Letter sent to the School Committee
Jan. 14, 2016
Dear Members of the School Committee,
I was surprised, as were many others, that there was no discussion of the survey at last night’s public forum. Many people were there under the impression that having the results ready for discussion yesterday was a core reason for the compressed time frame.
Second, as you know, I pushed hard for improvements to the survey before it went out. I remain disappointed that the factor questions were designed such that they did not provide more valuable information, that more efforts were not made—both in terms of question design and distribution/access—to ensure input from people who will most be affected by equity initiatives, and that all educators did not feel completely assured of anonymity. In particular, while it is apparent from last night’s public forum that many people in Amherst are concerned about equity, I wonder if it did not rank as high as it could have in the survey because they define equity differently than it was defined in the survey.
Nonetheless and importantly, the survey did produce reliable information about which of the options educators and parents/guardians support—namely that the majority of them oppose reconfiguration and support maintaining the K-6 structure. The fact that so many people voted for either renovating Wildwood alone or maintaining the K-6 structure in a twin school, even in spite of the heavy emphasis on reconfiguration in the survey design and background information lends even more credence to these results.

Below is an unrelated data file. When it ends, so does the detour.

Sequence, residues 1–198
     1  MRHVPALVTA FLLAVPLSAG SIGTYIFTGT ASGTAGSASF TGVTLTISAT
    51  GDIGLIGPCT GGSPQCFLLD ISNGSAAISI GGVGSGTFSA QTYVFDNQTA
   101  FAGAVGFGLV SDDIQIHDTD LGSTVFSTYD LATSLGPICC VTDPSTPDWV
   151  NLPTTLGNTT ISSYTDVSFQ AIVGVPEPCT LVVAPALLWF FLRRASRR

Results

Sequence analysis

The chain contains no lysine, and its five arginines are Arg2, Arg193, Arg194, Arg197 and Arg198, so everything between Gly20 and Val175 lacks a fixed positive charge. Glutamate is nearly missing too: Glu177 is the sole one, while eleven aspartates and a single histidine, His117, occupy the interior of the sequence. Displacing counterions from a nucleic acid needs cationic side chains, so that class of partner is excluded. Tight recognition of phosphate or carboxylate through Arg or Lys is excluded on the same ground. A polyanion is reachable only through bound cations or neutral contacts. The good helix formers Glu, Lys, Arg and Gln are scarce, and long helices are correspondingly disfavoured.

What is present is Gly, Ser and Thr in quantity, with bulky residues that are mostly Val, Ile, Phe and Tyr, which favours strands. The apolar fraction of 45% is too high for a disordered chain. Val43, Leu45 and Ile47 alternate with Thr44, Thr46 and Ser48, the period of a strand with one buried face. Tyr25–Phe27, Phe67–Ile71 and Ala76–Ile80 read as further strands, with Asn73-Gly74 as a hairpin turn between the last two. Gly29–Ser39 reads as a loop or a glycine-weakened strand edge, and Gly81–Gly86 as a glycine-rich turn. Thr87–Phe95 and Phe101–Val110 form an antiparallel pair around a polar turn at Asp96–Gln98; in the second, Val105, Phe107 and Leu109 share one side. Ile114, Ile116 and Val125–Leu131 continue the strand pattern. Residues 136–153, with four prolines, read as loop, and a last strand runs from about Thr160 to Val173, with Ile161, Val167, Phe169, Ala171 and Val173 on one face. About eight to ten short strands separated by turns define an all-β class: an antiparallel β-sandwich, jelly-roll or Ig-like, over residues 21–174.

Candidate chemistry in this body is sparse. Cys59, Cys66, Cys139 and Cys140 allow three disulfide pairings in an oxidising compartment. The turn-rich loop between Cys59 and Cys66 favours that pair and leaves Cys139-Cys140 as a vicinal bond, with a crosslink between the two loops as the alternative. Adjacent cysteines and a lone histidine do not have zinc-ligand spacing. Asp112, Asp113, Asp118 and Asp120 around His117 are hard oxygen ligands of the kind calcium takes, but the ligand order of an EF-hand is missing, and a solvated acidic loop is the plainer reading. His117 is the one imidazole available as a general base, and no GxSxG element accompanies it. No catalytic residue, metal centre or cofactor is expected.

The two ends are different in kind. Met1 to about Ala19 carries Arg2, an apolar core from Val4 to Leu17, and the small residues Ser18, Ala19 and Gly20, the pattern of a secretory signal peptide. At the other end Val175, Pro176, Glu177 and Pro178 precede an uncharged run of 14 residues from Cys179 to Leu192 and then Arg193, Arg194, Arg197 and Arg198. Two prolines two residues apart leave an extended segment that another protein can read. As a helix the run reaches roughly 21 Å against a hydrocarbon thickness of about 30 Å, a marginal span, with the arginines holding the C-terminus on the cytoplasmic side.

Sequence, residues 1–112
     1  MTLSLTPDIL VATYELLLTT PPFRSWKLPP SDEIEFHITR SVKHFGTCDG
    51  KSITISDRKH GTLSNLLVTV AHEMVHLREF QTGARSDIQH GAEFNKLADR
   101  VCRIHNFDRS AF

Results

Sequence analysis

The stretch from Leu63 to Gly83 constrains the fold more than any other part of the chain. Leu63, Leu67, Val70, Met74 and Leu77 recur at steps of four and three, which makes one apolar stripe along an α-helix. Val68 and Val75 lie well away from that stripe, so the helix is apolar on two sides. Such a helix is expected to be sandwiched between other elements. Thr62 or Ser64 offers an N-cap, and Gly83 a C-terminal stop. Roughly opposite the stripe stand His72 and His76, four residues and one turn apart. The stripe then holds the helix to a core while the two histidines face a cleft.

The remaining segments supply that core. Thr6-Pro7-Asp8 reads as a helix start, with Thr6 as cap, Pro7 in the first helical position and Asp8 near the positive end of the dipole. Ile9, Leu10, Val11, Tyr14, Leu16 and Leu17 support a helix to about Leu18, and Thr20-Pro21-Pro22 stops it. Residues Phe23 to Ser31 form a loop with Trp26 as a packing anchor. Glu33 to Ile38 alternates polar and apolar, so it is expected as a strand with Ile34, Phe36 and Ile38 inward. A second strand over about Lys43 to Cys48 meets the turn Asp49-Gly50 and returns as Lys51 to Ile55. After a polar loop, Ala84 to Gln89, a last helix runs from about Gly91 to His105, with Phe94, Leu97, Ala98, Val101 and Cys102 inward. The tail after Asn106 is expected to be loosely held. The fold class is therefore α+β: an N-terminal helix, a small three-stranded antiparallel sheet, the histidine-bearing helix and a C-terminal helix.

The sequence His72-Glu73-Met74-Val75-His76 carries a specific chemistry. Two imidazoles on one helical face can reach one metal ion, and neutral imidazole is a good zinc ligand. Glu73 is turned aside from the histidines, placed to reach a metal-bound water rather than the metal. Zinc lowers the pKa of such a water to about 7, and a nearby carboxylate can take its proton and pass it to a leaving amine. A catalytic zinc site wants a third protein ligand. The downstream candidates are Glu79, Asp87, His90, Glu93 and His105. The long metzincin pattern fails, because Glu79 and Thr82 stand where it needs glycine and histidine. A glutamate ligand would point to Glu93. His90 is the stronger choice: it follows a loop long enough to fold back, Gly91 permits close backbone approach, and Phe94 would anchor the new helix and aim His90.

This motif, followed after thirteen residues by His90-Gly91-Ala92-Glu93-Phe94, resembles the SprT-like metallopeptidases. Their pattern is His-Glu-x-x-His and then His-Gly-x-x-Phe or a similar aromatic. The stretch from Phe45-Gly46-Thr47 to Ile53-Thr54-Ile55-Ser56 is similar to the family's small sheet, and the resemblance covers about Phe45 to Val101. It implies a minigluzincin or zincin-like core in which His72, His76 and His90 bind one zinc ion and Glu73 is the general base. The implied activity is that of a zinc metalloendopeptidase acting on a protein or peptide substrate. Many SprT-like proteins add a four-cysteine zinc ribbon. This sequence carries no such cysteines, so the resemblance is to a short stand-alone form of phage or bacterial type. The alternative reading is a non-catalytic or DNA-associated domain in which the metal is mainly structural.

I might also note that the results also clearly demonstrate that the supporters of maintaining three small elementary schools are not just a small group of outspoken parents.
You have a very difficult decision before you, and I do not envy you, but as elected and publicly accountable officials, I urge you to acknowledge that hundreds of busy parents and educators made efforts to provide you with input under great time pressure. I urge you to take what they said seriously in your discussions and votes. If we are to move forward from this moment as a community behind the fantastic public education that we have in Amherst and the wonderful people who comprise it, it is important to convey that you are interested in what they—as the foundation of that system—have to say.